Other potentially profitable secondary digital formats include local news and sports, plus national alternatives thought up by the networks themselves. For instance, during the Association for Maximum Service Television’s 19th annual convention in Washington DC on October 5, 2005, CBS Executive Vice President Martin Franks said that his network is planning a second network-style program feed called CBS.2. According to MediaWeek, Franks said the new service’s lineup “complements or counterprograms, frankly, the mother ship.”

Then there’s U.S. Digital Television (USDTV).

Taking advantage of broadcasters’ opportunistic or left-over spectrum, USDTV offers consumers approximately 30 all digital channels, comprising local digital and HDTV broadcast channels and 12 leading cable networks, including FOX News Channel, ESPN and The Disney Channel, for less than $20 a month. It’s cable without the cable or, if you prefer, digital MMDS.

USDTV leases spectrum from its television station partners in each market, providing those stations with DTV secondary revenue. Meanwhile, consumers receive the USDTV service through a VHF/UHF antenna connected to a proprietary USDTV set-top box.

The service is currently being tested in three pilot markets, Salt Lake City, Albuquerque and Las Vegas, and commercially launched in the Dallas/Fort Worth market on November 14. Planned technology upgrades include the introduction of video on-demand content and digital video recording services.

Last month, USDTV signed a $25.75 million funding agreement with an investment group that includes Fox Television Stations, Hearst-Argyle Television, McGraw-Hill Broadcasting, LIN TV, Morgan-Murphy Stations and Telcom DTV.

“Public service” has nothing to do with it.

Broadcasting pay tv over free television channels is made more effective if HDTV transmissions are eliminated or reduced to 480/720p.

Broadcasters get their channels free. Then they charge you $20/month for over-the-air pay tv (instead of HDTV)? What kind of scam is that? This is probably not helping George Bush, Mr. Martin.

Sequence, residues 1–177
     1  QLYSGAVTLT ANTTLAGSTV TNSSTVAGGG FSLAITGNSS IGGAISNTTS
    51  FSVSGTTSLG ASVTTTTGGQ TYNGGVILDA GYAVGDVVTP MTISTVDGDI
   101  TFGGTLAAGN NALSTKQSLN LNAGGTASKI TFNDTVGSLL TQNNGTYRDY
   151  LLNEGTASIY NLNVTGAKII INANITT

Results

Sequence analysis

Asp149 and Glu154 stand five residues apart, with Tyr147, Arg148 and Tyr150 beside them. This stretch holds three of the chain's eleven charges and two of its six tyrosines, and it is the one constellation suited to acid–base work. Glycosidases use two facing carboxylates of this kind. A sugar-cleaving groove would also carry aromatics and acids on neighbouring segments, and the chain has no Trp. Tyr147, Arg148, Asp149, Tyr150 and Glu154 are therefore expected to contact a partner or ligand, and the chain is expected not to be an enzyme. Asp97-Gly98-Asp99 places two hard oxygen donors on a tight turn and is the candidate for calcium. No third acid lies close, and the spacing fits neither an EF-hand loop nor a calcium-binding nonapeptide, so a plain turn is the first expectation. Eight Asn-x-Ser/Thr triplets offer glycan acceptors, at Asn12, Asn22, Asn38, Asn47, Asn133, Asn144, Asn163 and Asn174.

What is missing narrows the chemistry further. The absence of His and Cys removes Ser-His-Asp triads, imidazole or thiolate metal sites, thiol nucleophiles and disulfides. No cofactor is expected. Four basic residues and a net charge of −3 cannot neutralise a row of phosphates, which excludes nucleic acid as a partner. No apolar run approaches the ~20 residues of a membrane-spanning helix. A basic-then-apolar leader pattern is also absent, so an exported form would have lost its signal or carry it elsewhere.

The real money is in soft porn, of course. That should be interesting.

Meanwhile Clear Channel plans provide video podcasts using technology from Maven Networks, starting with conservative talk-show host Rush Limbaugh.

The NPR podcast directory now includes 195 podcasts. The original 17 podcasts it offered this August have been downloaded more than 5 million times. The new alt.NPR brand is an incubator for edgier content.

Podcast Alley and Podcasts.Yahoo index thousands of great programs.

In October, Apple cut a deal with Disney to make popular tv shows on the ABC network available for the video iPod on iTunes for $1.99. CBS and NBC have made similar forays into online content.

The next Mac Mini will probably have the ability to record TV shows.

Intel Moving on Movies



Intel, the bastion of WiMax hype, announced today that it is partnering with movie, music, and game providers around the world to introduce its Viiv technology for home media centers.

Viiv-enabled PC’s, which won’t be out until next year, let consumers download content from the Internet. Movielink, the movie download service, and British Sky Broadcasting in Britain, are two companies that will offer content compatible with Viiv.

Viiv-enabled computers, will run Microsoft Windows Media Center, can be controlled by a remote control and turn on instantly. They will be automatically configured to provide the best- quality image when viewed on a variety of devices.

Intel expects Viiv hardware and content to be available during the first quarter of next year, with simultaneous introductions in France, Germany, Italy, Britain, the United States and other countries. The hardware manufacturers have not yet been announced.

Other content owners that will provide Viiv-compliant programming include Canal+, the French pay TV service; the Japanese TV network NEC; Telecom Italia; and TiVo, according to the NY Times. Music and game content will be offered by Napster, Square Enix and Ubisoft, among other companies.

British Sky Broadcasting, of course, is headed by Rupert Murdoch who also controls DirecTV.

Maybe DirecTV ought to just buy Qwest and be done with it.

Mr. Murdock, tear down this wall.

Fujitsu Demos WiMax IPTV



Fujitsu Microelectronics Europe (FME) announced the successful demonstration of IP-based video-on-demand application at the Wireless Broadband Forum in Cambridge, UK. The solution combined FME’s AXEL-F, ETHOS and WiMAX devices to deliver a high-resolution video-stream from a server across optical and wireless networks to an end user.

The demonstration network was developed to comply fully with the protocols that will form the backbone of the next generation of wireless broadband roll-out, such as Ethernet over SDH/SONET (ETHOS) (MB87M2181) and WiMAX (MB87M3400).

Fujitsu says the demo proves it has the capability to offer a cost-effective, highly-integrated solution that will provide a fast route to market for Telcos.

Using an optical Metropolitan Area Network (MAN), with a WiMAX connection over the last mile to the customer would be more cost/effective than the fiber to the home.

Of course the phone companies, using twisted pair or fiber, can deliver faster connections (vital for multiple tv households).